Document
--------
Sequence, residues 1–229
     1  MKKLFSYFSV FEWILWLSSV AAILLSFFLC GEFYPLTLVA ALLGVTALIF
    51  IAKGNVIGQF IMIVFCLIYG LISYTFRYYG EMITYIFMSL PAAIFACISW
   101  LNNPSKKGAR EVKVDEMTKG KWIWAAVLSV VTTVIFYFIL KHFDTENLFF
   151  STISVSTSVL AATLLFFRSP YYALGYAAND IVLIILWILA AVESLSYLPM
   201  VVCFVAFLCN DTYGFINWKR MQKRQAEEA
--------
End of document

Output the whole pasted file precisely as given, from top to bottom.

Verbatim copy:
Sequence, residues 1–229
     1  MKKLFSYFSV FEWILWLSSV AAILLSFFLC GEFYPLTLVA ALLGVTALIF
    51  IAKGNVIGQF IMIVFCLIYG LISYTFRYYG EMITYIFMSL PAAIFACISW
   101  LNNPSKKGAR EVKVDEMTKG KWIWAAVLSV VTTVIFYFIL KHFDTENLFF
   151  STISVSTSVL AATLLFFRSP YYALGYAAND IVLIILWILA AVESLSYLPM
   201  VVCFVAFLCN DTYGFINWKR MQKRQAEEA